Eagle couple Jackie and Shadow return to nest in Big Bear

Eagle couple Jackie and Shadow return to nest in Big Bear



The popular bald eagle couple, Jackie and Shadow, are done vacationing and have returned to their nest in Big Bear. 


The return of the feathered couple was announced Tuesday by the nonprofit Friends of Big Bear Valley, which installed the Big Bear Bald Eagle Nest Cam to monitor the nest around the clock.


“We have spotted Jackie and Shadow hanging around the habitat more often the last several days,” the nonprofit posted on Facebook. “This afternoon it appeared Shadow decided to settle into the roost tree early. As we were watching him preen through the back door, a very sneaky Jackie quietly flew in through the front.”


After nearly a month, Jackie’s return was a welcomed sight to the nonprofit, which added that the eagle looked relaxed, refreshed, and ready to start a new season. 


The condition of the unkept nest needed tidying, with Jackie moving a few sticks and thinking that it may be a “two-eagle job,” the nonprofit stated.


“Instead of working on the nest, she headed over to the roost tree to join Shadow for a bit more preening before calling it a night,” the post said. 


Big Bear, located in the San Bernardino Mountains, is expecting its first subfreezing temperatures this weekend, which may signal the couple that summer vacation has come to an end, the nonprofit said.


“Jackie and Shadow generally start stopping by the nest more often in October to begin nestorations for the upcoming season,” the nonprofit posted.


More eggs?
Does the return of the birds to their love nest mean we might see another egg or two from the couple who’ve received national attention after the nest cam was installed?

In March, Jackie and Shadow abandoned their two eggs weeks after they were due to hatch in the family.

Since mid-January, the eagle couple took turns keeping the eggs warm through several storms, including a blizzard and historic snowfall in the mountain area.

Jackie delivered the couple’s first egg of the year on Jan. 11, high atop a 14-story Jeffrey pine tree. Her second egg came on Jan. 14.  

It’s uncertain why the eagle eggs didn’t hatch, said the nonprofit, which believes that they may have not fertilized, or stopped developing.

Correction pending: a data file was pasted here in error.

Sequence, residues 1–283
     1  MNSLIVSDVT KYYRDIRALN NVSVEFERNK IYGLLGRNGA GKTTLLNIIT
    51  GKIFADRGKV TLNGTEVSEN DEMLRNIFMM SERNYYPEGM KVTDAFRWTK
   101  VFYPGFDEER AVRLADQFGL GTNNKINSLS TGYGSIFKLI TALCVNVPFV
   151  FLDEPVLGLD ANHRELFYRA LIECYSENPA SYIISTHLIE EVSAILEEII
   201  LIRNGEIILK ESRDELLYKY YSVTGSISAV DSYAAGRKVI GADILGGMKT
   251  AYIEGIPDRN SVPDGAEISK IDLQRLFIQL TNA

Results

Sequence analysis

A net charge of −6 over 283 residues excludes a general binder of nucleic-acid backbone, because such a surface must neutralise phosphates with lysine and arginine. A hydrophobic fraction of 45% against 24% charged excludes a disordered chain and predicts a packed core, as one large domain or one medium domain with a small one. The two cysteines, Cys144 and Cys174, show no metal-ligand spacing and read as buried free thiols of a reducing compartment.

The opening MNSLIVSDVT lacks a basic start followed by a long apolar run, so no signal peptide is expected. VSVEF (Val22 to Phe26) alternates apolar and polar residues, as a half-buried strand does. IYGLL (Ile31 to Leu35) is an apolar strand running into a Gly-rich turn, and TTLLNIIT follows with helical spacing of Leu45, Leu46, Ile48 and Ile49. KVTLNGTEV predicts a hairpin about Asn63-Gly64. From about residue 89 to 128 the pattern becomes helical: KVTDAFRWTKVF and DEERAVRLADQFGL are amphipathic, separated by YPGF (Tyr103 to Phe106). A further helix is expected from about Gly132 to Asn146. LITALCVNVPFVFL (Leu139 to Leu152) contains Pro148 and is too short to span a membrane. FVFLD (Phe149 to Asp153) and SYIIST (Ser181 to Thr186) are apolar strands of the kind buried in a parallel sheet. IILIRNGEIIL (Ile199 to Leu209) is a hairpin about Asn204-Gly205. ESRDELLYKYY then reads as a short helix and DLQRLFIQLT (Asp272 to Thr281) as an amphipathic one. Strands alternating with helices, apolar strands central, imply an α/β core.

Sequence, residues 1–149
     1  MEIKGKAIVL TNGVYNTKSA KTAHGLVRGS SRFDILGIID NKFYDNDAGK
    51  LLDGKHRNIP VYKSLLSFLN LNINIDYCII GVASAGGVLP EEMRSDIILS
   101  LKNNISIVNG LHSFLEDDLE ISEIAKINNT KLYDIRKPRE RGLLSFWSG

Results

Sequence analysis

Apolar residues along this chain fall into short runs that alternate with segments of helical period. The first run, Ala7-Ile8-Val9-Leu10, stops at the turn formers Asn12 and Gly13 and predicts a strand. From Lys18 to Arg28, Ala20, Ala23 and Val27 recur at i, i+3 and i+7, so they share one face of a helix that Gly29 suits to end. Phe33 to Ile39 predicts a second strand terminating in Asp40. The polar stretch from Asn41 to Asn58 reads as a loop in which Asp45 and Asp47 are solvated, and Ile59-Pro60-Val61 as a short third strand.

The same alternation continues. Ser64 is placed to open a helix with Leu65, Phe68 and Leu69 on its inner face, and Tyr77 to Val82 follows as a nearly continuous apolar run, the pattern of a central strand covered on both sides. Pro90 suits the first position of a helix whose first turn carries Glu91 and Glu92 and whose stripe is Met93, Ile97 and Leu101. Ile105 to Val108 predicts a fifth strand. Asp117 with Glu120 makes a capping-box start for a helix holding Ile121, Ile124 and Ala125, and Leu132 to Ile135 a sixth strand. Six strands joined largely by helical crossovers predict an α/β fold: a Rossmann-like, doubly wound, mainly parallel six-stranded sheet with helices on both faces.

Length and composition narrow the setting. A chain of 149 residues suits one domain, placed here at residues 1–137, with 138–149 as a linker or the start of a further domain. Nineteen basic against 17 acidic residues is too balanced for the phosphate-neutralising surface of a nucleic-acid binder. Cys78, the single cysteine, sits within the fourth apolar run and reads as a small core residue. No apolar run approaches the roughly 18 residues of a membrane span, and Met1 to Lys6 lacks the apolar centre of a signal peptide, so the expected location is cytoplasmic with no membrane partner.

Eaglet joys, woes
In 2020 and 2021, Jackie’s clutches of eggs were either eaten by ravens or didn’t hatch.

Jackie’s and Shadow’s son, Cookie, died of apparent hypothermia during a storm on Memorial Day weekend 2019.

Simba successfully took flight and fledged in 2019.

Jackie and Shadow’s eaglet, Spirit, was born in March 2022 and was considered a miracle baby by many. In May 2022, Spirit climbed awkwardly up to a branch jutting out from the eagle family’s tree. The eagle stood for nearly a minute before spreading her wings and taking her first flight.



Breeding season
In most of California, the breeding season lasts from about January through July or August. One or two eggs, and occasionally three, are laid in late winter or early spring, and incubation lasts about 35 days, according to the California Department of Fish and Wildlife.

California's resident breeding pairs remain in California during winter, typically in the vicinity of their nesting areas, except when winter conditions are too severe and they must move to lower elevations.

Hundreds of migratory bald eagles from nesting areas in northwestern states and provinces spend the winter in California, arriving during fall and early winter. 

Wintering birds may remain until February or March, or even into April. In late winter, some adult bald eagles in California have already started nesting, while other eagles have not yet returned to their more nesting territories north or northeast. 

Some of the adults that winter here have been tracked to their nesting territories in north-central Canada 2,000 miles away.

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